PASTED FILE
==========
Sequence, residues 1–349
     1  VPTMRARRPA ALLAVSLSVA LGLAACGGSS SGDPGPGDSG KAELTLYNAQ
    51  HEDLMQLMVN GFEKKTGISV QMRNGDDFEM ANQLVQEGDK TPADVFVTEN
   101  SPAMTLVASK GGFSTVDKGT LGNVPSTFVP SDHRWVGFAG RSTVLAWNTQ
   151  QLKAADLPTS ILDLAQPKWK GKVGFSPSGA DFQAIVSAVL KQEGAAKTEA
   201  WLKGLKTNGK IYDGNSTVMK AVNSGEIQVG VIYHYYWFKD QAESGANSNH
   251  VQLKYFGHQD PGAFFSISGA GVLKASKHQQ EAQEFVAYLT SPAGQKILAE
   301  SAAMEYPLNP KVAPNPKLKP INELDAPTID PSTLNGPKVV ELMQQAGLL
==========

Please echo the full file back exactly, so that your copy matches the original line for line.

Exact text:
Sequence, residues 1–349
     1  VPTMRARRPA ALLAVSLSVA LGLAACGGSS SGDPGPGDSG KAELTLYNAQ
    51  HEDLMQLMVN GFEKKTGISV QMRNGDDFEM ANQLVQEGDK TPADVFVTEN
   101  SPAMTLVASK GGFSTVDKGT LGNVPSTFVP SDHRWVGFAG RSTVLAWNTQ
   151  QLKAADLPTS ILDLAQPKWK GKVGFSPSGA DFQAIVSAVL KQEGAAKTEA
   201  WLKGLKTNGK IYDGNSTVMK AVNSGEIQVG VIYHYYWFKD QAESGANSNH
   251  VQLKYFGHQD PGAFFSISGA GVLKASKHQQ EAQEFVAYLT SPAGQKILAE
   301  SAAMEYPLNP KVAPNPKLKP INELDAPTID PSTLNGPKVV ELMQQAGLL